Gold in Royal Oak, attempting an axel for the first time. Three golds at Skate the Zoo. Three solid skates at Adult Nationals, including making the front page of IceNetwork's event coverage on Friday. And I passed all three dance to finish the season.

Fail
I was disappointed I didn't compete as much as I wanted, but I think I distracted myself with running. My axel attempt was a big ol' fail, as I was given credit for a weak waltz jump from one judge and the other two asked "what WAS that?!"

Cool Stuff
I could list every single moment of Adult Nationals, but instead steer readers to my post back in April. While convalescing post-surgery, I was on a strict "no jump, no spin, no run" order from my doctor, so I worked on dances, moves and all the turns. I got choctaws, rockers, and counters. It was cool. And most importantly, passing my dances renewed my love and faith in skating, and I was able to refocus my love of sport BACK to skating, regulating running to a supporting role.

Future for 14/15
Time to focus! One of my own quotes hit me as I was cleaning out my skate bag: celebrate the journey. Tests to pass include gold moves and the juvenile solo free dance. Competitions to do include Wyandotte, Lansing, and maybe GRO, with the ultimate goal being qualifying to compete at National Showcase in August, 2015. Bonus: competing at GRO also would qualify me for State Games of America which are coming to Grand Rapids in a few years.

Competition programs: Grade 9, Barenaked Ladies (comedy); Hot Stuff, Donna Summer (comedy duo); Magic Man, Heart (silver free skate); Sea of Love, Honeydrippers (juvenile solo free dance test).

Saturday, November 15, 2014

Typing Out Loud: The Customer is Always Right?

I'm sorry... we don't serve ketchup with filet.

There has been of rash of stories in the news lately of outrageous claims by disgruntled customers, who get their comeuppance by owners who just aren't taking it anymore.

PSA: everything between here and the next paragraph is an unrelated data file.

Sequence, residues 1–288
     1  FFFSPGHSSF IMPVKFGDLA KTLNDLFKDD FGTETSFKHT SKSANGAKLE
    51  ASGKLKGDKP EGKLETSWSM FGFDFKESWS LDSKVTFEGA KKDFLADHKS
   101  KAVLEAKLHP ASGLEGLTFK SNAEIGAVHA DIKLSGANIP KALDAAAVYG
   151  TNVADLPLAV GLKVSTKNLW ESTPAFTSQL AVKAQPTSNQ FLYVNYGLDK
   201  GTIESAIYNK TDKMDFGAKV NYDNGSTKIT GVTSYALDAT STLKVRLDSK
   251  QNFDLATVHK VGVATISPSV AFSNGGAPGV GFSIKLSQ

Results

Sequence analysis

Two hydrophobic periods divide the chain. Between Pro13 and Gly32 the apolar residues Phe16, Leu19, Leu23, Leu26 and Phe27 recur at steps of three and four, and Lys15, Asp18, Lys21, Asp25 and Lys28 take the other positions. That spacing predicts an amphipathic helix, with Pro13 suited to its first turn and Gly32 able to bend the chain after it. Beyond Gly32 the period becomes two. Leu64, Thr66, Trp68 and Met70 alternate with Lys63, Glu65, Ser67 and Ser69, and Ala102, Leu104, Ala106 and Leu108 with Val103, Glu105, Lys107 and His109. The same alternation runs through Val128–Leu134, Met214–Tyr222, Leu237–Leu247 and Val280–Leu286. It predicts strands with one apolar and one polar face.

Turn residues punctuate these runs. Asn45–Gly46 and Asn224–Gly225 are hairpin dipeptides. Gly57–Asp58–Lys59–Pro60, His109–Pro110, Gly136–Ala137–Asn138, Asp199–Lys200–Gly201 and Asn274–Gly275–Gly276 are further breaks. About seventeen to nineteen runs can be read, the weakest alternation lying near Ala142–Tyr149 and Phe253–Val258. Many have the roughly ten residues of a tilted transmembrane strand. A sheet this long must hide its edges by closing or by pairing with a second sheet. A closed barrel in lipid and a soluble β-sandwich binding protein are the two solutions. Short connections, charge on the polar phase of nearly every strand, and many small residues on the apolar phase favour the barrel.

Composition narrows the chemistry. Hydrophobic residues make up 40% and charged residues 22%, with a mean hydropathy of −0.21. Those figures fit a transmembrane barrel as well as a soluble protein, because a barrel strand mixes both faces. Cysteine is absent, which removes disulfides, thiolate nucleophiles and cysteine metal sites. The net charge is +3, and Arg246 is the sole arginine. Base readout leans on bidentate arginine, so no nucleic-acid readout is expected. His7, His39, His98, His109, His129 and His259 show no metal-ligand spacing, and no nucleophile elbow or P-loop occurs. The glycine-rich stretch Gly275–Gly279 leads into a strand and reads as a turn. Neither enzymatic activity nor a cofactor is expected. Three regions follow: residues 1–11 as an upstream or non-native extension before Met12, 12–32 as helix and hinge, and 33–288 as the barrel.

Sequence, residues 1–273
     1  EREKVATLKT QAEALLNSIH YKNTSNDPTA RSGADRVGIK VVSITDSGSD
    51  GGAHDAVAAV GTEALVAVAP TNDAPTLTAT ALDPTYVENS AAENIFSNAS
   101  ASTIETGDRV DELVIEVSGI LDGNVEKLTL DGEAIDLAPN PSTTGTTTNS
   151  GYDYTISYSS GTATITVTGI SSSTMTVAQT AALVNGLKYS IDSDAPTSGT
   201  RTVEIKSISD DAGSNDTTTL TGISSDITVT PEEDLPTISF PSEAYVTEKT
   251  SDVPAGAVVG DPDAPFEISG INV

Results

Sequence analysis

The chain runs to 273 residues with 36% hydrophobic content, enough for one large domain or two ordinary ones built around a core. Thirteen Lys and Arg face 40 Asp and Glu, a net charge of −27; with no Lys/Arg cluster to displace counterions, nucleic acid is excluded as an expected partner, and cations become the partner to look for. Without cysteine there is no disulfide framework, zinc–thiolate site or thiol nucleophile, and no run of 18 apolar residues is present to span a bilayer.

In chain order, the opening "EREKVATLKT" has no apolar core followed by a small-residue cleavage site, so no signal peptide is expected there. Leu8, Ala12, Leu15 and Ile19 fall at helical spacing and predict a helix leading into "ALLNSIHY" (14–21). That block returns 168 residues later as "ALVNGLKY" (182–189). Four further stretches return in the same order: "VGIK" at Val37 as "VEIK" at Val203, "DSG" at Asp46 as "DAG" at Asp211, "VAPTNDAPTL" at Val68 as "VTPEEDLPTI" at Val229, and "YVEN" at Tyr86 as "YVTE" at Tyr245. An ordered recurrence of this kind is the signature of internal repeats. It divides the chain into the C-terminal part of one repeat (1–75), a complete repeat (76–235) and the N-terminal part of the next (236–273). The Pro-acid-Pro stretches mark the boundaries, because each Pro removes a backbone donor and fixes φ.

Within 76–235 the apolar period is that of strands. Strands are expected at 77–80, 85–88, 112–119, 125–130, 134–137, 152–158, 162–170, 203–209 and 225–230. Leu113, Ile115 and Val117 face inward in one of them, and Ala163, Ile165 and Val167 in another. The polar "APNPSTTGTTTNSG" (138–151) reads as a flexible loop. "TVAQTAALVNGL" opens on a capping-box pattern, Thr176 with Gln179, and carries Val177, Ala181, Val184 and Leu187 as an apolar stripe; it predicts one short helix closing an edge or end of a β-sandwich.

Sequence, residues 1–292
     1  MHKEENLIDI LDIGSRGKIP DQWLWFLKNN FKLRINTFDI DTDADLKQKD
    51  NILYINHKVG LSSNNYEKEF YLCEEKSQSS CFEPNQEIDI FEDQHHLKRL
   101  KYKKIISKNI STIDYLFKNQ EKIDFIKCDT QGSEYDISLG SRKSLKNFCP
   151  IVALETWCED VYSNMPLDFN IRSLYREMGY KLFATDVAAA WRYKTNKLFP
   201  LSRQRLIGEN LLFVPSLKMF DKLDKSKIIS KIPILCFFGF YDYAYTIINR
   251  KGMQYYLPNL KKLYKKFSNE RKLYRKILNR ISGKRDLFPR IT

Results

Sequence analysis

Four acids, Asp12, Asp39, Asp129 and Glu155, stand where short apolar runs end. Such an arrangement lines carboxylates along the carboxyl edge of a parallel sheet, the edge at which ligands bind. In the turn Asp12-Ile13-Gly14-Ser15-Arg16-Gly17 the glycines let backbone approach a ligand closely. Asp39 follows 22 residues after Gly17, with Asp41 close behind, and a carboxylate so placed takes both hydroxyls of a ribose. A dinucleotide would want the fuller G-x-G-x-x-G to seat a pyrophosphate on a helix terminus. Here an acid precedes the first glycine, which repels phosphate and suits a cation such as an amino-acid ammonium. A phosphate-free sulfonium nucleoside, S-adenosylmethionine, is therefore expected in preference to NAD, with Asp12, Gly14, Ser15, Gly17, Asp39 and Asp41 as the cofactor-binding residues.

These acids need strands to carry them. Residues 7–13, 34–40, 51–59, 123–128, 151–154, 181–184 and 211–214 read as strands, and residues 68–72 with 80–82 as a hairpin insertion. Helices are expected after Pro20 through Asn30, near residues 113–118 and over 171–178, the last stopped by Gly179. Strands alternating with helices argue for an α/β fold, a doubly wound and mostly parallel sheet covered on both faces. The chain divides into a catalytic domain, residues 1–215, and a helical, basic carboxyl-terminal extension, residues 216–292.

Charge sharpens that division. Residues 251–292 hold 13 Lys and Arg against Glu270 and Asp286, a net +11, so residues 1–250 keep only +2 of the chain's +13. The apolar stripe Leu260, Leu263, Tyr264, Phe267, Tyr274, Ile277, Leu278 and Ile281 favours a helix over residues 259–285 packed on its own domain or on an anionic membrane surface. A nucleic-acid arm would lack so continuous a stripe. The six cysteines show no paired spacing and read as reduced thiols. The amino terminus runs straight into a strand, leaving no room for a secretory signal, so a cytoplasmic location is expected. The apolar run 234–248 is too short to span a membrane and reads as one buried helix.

Examples?

A woman in Kansas City requested takeout from a restaurant that plates 7 course meals and does not offer takeout. She threatened to write a scathing review on yelp (which she did) and sue because her husband is a lawyer. The restaurant basically said, "bring it on."

A similar situation happened locally, where a bargain hunter wandered into a favorite establishment on a Friday night, dismayed that she would have to wait for a table since she had not made a reservation when at least "4 or 5  other groups that came in after her were seated right away." Jenna stood her ground, maintaining the restaurant's policy of priority seating for patrons who make reservations.

I have been a carhop, hostess, waitress, cook, bartender, drink girl, and event planner/organizer. I have worked in customer service and public service positions in a variety of fields. Having been in the work force since the age of 14, this is what I know:

The "customer is always right" is NOT a rule, it's a business philosophy.

Let me explain.

The philosophy of "CIAR" is based in discovering customer service solutions and better business practices. Take the angry bistro lady: had she perhaps calmly explained her dilemma, perhaps the owner would have said, "you're right, we should offer a bistro menus for patrons on the go," and come up with a solution that would create a win-win.

But it's not a rule. Given the art of plating and presentation for fine dining, throwing a dinner that should be served on a hot plate into a Styrofoam container to be eaten with a plastic fork is just wrong. And the idea of a customer always being right creates entitled patrons who feel it is their right to abuse staff, create unreasonable demands, and worse of all, stiffing wait staff on tips. It creates an atmosphere where the server becomes the servant.

You do have the right as a patron spending hard-earned dollars to have a great time. But don't abuse that right.

Wednesday, November 5, 2014

Why Art Matters: director John Waters

Awesomely sick bastard.


I'm going to keep this one short and use one scene to explain the odd appeal of shock/schlock director John Waters.

In his mainstream breakthrough movie Hairspray, Waters has teens Tracy and Penny dancing and making out with boyfriends Seaweed and Linc in an alleyway after a record hop at Motormouth Maybelle's shop. Kicking a rat aside, with Toussant McCall playing a homeless man while singing "Nothing Takes the Place of You," Tracy sighs and says to Linc, "Isn't this romantic?"

There is something so nakedly truthful about that scene and Tracy's sentiment.


Saturday, November 1, 2014

November Playlist: Lenny

So hot.

My introduction to Lenny Kravitz was in '89 when he was an indie rock darling with a crazy pop culture pedigree as son of a 70s sitcom star and husband of an 80s sitcom star. He was also a disciple of 60s peace and love rock, a formula that has lasted for 25 years.